5. Divide the dough into 4 balls, about 6 ounces each. Work each ball by pulling down the sides and tucking under the bottom of the ball. Repeat 4 or 5 times. Then on a smooth, unfloured surface, roll the ball under the palm of your hand until the top of the dough is smooth and firm, about 1 minute. Cover the dough with a damp towel and let it rest for 15 to 20 minutes. At this point, the balls can be wrapped in plastic and refrigerated for up to 2 days.

6. To prepare each pizza, dip the ball of dough into flour, shake off the excess flour, place the dough on a clean, lightly floured surface, and start to stretch the dough. Press down on the center, spreading the dough into an 8-inch circle, with outer border a little thicker than the inner circle. If you find this difficult to do, use a small rolling pin to roll out the dough. Lightly brush the inner circle of the dough with oil and arrange the toppings of your choice over the inner circle.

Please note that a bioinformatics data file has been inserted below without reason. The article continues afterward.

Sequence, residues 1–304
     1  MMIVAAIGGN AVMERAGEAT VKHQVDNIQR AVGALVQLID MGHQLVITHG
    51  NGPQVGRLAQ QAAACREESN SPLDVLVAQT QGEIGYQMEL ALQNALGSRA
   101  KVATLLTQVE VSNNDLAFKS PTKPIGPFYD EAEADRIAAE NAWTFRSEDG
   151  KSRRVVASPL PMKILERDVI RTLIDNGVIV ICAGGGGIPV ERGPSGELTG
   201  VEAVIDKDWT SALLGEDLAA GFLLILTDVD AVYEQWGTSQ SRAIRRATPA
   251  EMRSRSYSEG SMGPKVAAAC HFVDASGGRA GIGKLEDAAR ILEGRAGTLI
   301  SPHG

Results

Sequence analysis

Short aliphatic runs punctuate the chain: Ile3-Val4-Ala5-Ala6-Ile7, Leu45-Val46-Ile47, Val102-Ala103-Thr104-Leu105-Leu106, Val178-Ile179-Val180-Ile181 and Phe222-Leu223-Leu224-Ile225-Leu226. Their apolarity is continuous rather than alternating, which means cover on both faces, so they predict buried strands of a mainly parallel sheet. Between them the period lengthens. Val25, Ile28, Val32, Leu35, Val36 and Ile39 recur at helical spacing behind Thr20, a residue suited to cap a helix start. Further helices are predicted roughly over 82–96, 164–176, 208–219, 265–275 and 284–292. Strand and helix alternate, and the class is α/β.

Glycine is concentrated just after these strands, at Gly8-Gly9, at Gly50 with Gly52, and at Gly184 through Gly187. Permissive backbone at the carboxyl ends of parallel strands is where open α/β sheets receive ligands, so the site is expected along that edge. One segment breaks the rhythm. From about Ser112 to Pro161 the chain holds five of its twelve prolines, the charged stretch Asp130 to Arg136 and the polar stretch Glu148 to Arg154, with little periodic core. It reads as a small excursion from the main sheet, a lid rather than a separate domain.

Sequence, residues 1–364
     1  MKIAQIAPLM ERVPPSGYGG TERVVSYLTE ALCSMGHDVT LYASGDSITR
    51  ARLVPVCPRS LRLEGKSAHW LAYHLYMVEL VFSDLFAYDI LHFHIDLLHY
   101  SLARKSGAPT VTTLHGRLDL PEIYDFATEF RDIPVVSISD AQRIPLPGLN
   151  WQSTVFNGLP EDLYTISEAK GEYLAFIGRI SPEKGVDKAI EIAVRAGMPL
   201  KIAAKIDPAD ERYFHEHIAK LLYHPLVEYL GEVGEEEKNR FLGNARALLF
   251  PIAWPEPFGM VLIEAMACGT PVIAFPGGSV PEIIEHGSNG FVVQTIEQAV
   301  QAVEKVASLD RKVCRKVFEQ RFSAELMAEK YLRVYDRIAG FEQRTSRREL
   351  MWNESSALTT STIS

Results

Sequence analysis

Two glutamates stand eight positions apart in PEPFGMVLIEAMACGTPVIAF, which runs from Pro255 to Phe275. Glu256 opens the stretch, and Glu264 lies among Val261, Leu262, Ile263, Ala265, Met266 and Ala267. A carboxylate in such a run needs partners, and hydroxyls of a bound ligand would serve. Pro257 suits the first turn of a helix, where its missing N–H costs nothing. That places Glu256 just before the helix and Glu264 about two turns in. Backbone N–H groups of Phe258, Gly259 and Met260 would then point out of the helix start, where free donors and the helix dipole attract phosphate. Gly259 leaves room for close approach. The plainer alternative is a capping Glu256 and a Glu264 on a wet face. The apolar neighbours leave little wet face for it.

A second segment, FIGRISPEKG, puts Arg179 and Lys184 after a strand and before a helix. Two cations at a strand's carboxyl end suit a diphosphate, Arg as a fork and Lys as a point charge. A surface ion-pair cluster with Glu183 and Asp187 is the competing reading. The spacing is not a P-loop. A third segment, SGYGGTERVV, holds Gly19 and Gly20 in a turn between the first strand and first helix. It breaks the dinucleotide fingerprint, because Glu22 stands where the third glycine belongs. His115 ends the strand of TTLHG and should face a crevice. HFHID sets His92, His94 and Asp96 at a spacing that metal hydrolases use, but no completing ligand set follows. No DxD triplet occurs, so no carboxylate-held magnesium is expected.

7. Using a lightly floured baker’s peel or a rimless flat baking tray, slide the pizza onto the baking stone and bake until the pizza crust is nicely browned, 10 to 12 minutes. Remember that the oven is very hot and be careful as you place the pizza into and out of the oven. Transfer the pizza to a firm surface and cut into slices with a pizza cutter or very sharp knife. Serve immediately.

Notes: I've found that getting all the kneading out of the way before it rises, then dividing the dough in half and just pressing them out (without more kneading) with the edge of my palms and my fingers makes a better crust than rolling out the dough.

Authentic Vera Pizza Napoletana Dough from Forno Bravo

(This should rise slowly in the refrigerator for about 24 hours even though it states differently. Bring to room temperature before using.)